New video gives different account of man’s rampage through state Capitol

ATLANTA — New video of portions of a man’s rampage at the state Capitol contradicts what public safety officials first told Channel 2 Action News in September.

In surveillance video, the man is seen throwing a mirror he kicked off a car. About 17 minutes later, inside the building, he swung a flagpole around like a javelin.

“We would have been able to show them the video if they would have come over,” Georgia Building Authority’s Gerald Pilgrim said.

Pilgrim told Channel 2 investigative reporter Aaron Diamant that no one with the Department of Public Safety had seen the surveillance video from the Sept. 30 vandalism spree at the state Capitol before DPS gave Chanel 2 Action News an official statement on how it happened.

“The statement may have been a little bit different had they seen the video first?” Diamant asked Pilgrim.

“I believe it would have been,” Pilgrim said. “There appear to be some discrepancies.”

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In their initial statement, DPS said around 11:30 p.m., Joshua Lamphouse “approached the state capitol loading dock, walked up to unit 60 (the capitol security car) and broke the side mirrors.” An officer on patrol “saw Mr. Lemhouse” then “exited his patrol car and chased after him.”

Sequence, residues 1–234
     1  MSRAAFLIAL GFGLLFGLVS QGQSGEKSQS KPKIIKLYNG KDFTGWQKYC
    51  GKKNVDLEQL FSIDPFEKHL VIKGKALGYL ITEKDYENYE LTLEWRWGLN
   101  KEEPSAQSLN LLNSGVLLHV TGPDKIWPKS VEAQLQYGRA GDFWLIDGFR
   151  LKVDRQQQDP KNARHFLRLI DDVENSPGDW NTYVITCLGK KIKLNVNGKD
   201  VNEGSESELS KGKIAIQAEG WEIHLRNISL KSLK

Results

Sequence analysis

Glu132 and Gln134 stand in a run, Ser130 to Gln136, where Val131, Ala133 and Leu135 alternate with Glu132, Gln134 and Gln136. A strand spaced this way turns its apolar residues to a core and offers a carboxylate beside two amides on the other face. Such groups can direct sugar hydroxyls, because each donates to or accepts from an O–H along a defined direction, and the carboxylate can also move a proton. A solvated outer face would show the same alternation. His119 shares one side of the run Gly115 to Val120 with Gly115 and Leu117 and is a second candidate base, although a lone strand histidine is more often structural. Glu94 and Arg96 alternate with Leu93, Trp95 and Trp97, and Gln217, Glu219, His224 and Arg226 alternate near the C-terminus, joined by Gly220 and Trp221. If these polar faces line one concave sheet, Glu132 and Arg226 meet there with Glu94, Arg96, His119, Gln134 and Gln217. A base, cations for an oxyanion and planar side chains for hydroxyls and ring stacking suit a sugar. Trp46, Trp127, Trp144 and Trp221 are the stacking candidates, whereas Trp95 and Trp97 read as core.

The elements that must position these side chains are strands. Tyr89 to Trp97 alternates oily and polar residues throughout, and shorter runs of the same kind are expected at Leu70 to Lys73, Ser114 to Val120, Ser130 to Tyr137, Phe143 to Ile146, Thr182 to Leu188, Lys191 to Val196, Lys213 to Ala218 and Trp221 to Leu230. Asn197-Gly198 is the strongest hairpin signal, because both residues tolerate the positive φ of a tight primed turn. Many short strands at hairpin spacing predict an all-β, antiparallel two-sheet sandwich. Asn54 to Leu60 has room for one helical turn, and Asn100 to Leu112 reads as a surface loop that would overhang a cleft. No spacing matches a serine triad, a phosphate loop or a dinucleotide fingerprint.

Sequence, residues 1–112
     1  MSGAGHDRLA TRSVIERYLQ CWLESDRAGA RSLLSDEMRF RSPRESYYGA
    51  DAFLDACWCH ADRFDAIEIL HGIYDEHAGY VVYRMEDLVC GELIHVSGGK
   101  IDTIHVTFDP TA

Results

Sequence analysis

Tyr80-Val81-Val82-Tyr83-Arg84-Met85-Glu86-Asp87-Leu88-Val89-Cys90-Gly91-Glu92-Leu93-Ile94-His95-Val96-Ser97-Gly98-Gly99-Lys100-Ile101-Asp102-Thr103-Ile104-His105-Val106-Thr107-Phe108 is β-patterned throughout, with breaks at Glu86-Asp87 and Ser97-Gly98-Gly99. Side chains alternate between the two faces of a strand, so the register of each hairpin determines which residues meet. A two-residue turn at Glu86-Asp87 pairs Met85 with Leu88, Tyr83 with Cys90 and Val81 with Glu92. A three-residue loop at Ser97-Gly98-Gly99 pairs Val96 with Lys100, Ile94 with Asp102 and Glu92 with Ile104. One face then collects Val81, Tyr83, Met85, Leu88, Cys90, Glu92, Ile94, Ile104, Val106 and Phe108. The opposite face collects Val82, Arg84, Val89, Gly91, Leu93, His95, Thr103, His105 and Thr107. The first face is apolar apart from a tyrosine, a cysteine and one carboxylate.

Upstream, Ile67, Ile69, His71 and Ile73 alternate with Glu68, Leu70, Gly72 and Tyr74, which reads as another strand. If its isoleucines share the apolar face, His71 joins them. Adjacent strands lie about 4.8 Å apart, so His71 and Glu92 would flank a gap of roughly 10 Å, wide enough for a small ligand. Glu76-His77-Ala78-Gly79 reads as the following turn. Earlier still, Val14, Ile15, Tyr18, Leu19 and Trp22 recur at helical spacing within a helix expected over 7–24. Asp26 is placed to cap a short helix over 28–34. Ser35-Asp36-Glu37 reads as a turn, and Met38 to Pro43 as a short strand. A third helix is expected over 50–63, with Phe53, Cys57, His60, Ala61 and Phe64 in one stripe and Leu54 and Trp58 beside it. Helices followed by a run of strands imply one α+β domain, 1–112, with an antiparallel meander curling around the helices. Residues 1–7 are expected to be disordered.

“Based on what your cameras show, is that how it happened?” Diamant asked Pilgrim.

“It does not show that at all,” Pilgrim said.

The video does show the man, identified by officials as Lemhouse, on the east side of the Capitol at 10:57 p.m. A minute later, he walks up the steps and throws a large object through the door’s glass.

About 90 seconds later, he shows up at the loading dock to smash up the security car.

At 11:01 p.m., Lemhouse appears on the west side of the building, kicks in the glass on another door, enters the capitol and spends about 20 minutes tearing things up.

In a new statement, a DPS spokesperson said:

“The information disseminated were the initial reports received from the Capitol Police Command … The information given was believed to be a factual synopsis and was prior to the completion of incident reports. Information does often change.”

Right after Diamant got off the air at 5 p.m. Monday, a DPS spokesperson emailed him again, saying it was a couple of days before the building authority got them the video.

Diamant again contacted Pilgrim, who said DPS could have watched at the building authority’s offices within hours of the rampage -- all they had to do was ask.